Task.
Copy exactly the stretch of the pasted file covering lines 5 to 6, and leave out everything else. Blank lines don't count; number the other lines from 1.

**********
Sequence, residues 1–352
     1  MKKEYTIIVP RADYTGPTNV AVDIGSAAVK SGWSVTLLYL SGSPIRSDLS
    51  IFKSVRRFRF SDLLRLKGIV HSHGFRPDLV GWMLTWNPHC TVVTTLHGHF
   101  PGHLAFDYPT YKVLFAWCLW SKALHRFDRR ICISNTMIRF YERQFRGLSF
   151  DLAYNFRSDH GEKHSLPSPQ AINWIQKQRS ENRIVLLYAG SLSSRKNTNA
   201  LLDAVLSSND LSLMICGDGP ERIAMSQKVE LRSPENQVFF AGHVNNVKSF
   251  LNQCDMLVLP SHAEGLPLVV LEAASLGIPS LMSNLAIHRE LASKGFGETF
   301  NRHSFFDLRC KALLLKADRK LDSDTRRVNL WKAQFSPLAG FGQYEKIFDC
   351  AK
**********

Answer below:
   151  DLAYNFRSDH GEKHSLPSPQ AINWIQKQRS ENRIVLLYAG SLSSRKNTNA
   201  LLDAVLSSND LSLMICGDGP ERIAMSQKVE LRSPENQVFF AGHVNNVKSF